IN THE INTERMEDIATE COURT OF APPEALS OF THE STATE OF HAWAII
July 18, 2012
CITIBANK, N.A., A THIRD PARTY SERVICER,
MARK A. MCMILLAN,
APPEAL FROM THE CIRCUIT COURT OF THE SECOND CIRCUIT (CIVIL NO. 10-1-0743(1))
NOT FOR PUBLICATION IN WEST'S HAWAII REPORTS AND PACIFIC REPORTER
ORDER DISMISSING APPEAL FOR LACK OF APPELLATE JURISDICTION
(By: Foley, Presiding Judge Fujise and Ginoza, JJ.)
Upon review of the record, it appears that we lack jurisdiction over the appeal that Defendant-Appellant Mark McMillan (Appellant) has asserted from the Honorable Rhonda I.L. Loo's October 7, 2011 "Order Denying Defendant's Motion to Set Aside Default by Clerk Filed on July 22, 2011" (the October 7, 2011 interlocutory order) because the October 7, 2011 order is not an appealable final order pursuant to Hawaii Revised Statutes (HRS) § 641-1(a) (1993 & Supp. 2011).
HRS § 641-1(a) authorizes appeals to the intermediate court of appeals from final judgments, orders, or decrees.
Appeals under HRS § 641-1 "shall be taken in the manner . . . provided by the rules of court." HRS § 641-1(c). The Supreme Court of Hawaii has adopted Rule 58 of the Hawaii Rules of Civil Procedure (HRCP) which requires that "[e]very judgment shall be set forth on a separate document." HRCP Rule 58 (emphasis added). Based on this requirement under HRCP Rule 58, the Supreme Court of Hawaii has held that "[a]n appeal may be taken . . . only after the orders have been reduced to a judgment and the judgment has been entered in favor of and against the appropriate parties pursuant to HRCP [Rule] 58[.]" Jenkins v. Cades Schutte Fleming & Wright, 76 Hawaii 115, 119, 869 P.2d 1334, 1338 (1994). "[A]n order disposing of a circuit court case is appealable when the order is reduced to a separate judgment." Alford v. City and Count of Honolulu, 109 Hawaii 14, 20, 122 P.3d 809, 815 (2005) (citation omitted; emphasis added). Appellant's motion to set aside the clerk's entry of default was based in part on HRCP 60(b), which expressly authorizes relief "from a final judgment, order, or proceeding. However, the document that Appellant was attempting to set aside, i.e., the circuit court clerk's July 22, 2011 entry of default, was not an independently appealable order or judgment. Although a default judgment is an appealable judgment, See Casuga v. Blanco, 99 Hawaii 44, 51, 52 P.3d 298, 305 (App. 2002), the circuit court clerk's July 22, 2011 entry of default is not a default judgment. As the Casuga v. Blanco court explained,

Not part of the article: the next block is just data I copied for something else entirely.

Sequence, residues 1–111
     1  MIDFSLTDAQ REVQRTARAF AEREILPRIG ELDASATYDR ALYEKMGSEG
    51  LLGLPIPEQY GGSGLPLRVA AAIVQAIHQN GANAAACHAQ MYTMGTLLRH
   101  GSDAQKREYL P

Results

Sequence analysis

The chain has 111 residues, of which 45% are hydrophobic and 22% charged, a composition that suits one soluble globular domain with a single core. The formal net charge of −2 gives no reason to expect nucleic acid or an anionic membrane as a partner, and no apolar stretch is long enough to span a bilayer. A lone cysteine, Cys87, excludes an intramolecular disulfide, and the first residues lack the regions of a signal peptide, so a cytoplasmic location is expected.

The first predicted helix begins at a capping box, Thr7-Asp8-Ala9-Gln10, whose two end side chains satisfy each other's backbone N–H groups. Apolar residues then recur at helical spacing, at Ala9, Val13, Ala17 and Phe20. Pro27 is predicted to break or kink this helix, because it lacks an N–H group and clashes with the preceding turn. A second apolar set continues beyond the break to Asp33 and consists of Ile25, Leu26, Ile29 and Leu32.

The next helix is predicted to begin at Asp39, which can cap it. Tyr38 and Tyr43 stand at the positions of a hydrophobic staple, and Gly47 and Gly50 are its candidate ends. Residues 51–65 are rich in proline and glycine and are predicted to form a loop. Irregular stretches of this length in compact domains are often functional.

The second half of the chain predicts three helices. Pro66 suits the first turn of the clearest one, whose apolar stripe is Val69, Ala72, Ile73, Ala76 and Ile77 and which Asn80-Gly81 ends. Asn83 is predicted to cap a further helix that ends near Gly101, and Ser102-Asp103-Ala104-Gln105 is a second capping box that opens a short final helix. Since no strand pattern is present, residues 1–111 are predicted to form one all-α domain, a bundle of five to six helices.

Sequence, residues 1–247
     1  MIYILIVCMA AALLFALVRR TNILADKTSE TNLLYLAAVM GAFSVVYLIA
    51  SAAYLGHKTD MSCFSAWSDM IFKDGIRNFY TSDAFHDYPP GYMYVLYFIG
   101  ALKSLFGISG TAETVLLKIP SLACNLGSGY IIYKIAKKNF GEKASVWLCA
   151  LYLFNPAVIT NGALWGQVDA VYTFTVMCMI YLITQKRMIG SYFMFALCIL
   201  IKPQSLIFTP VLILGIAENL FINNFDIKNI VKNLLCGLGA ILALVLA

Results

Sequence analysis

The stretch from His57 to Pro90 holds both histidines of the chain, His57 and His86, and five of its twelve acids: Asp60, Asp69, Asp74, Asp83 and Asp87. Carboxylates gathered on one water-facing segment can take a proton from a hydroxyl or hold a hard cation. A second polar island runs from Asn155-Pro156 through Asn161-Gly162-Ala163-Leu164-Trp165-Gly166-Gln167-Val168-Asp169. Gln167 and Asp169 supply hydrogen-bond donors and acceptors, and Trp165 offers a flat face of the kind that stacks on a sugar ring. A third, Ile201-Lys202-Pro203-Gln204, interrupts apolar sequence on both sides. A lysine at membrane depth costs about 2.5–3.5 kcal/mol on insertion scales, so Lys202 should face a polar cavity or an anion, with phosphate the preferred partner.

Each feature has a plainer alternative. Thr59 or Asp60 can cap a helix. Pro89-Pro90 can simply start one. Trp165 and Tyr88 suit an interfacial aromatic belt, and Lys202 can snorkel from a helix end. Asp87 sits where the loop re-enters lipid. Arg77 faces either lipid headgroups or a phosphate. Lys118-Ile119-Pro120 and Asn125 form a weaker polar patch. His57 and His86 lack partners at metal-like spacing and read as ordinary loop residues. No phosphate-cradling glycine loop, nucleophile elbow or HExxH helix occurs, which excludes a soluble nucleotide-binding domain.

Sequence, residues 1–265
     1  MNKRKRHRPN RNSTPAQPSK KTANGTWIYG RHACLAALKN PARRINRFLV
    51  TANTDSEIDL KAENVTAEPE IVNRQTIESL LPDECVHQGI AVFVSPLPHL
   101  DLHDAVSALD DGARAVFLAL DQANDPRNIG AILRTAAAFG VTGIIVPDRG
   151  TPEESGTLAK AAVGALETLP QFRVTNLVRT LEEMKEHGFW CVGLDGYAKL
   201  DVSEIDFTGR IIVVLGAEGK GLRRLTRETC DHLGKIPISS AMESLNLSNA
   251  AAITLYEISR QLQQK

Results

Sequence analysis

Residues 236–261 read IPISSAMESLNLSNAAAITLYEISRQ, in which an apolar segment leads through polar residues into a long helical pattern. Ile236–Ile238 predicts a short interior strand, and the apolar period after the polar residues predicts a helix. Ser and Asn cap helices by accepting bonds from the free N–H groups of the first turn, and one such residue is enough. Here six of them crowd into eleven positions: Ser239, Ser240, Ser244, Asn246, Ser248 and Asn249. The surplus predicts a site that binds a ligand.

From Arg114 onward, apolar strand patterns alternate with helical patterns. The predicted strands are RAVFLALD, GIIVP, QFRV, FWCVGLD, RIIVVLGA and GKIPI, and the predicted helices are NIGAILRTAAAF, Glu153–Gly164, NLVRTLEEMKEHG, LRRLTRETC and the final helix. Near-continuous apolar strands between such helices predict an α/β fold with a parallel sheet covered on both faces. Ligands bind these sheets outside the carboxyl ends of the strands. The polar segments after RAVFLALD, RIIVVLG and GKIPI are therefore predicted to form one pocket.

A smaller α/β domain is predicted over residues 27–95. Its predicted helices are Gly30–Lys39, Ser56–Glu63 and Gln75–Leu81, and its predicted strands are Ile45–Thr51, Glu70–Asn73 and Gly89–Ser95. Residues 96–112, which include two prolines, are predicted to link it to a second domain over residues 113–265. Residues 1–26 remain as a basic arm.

[p]ursuant to HRCP Rul 55, a judgment by default involves two steps: (1) the entry of default by the court clerk when it is made to appear, by affidavit or otherwise, that a defending party on any claim has failed to plead or otherwise defend; and (2) the entry of default judgment.
Id. at 50, 52 P.3d at 304. The circuit court has not yet taken the second step of entering an appealable default judgment. The circuit court clerk's July 22, 2011 entry of default is not a "judgment," as defined by HRCP Rule 54(a). See HRCP Rule 54(a) ("'Judgment' as used in these rules includes a decree and any order from which an appeal lies."). Therefore, the authority for Appellant's motion to set aside the circuit court clerk's July 22, 2011 entry of default was not HRCP Rule 60(b), but, instead, HRCP Rule 55(c), which provides that, "[f]or good cause shown the court may set aside an entry of default[.]" HRCP Rule 55(c) (in part). The October 7, 2011 interlocutory order is thus merely a pre-judgment order denying Appellant's pre-judgment motion to set aside the circuit court clerk's July 22, 2011 entry of default pursuant to HRCP Rule 55(c). This order was not an appealable final order.
Absent the entry of an appealable final order or judgment (such as a default judgment pursuant to HRCP Rule 55), Appellant's appeal from the October 7, 2011 interlocutory order in Appeal No. CAAP-11-0000740 is premature, and we lack appellate jurisdiction. The October 7, 2011 interlocutory order will be eligible for appellate review only when a party asserts a timely appeal from the future entry of an appealable final judgment, because "[a]n appeal from a final judgment brings up for review all interlocutory orders not appealable directly as of right which deal with issues in the case." Ueoka v Szymanski, 107 Hawaii 386, 396, 114 P.3d 892, 902 (2005) (citation and internal quotation marks omitted). Therefore, IT IS HEREBY ORDERED that Appeal No. CAAP-11-0000740 is dismissed for lack of appellate jurisdiction.
Presiding Judge Associate Judge Associate Judge
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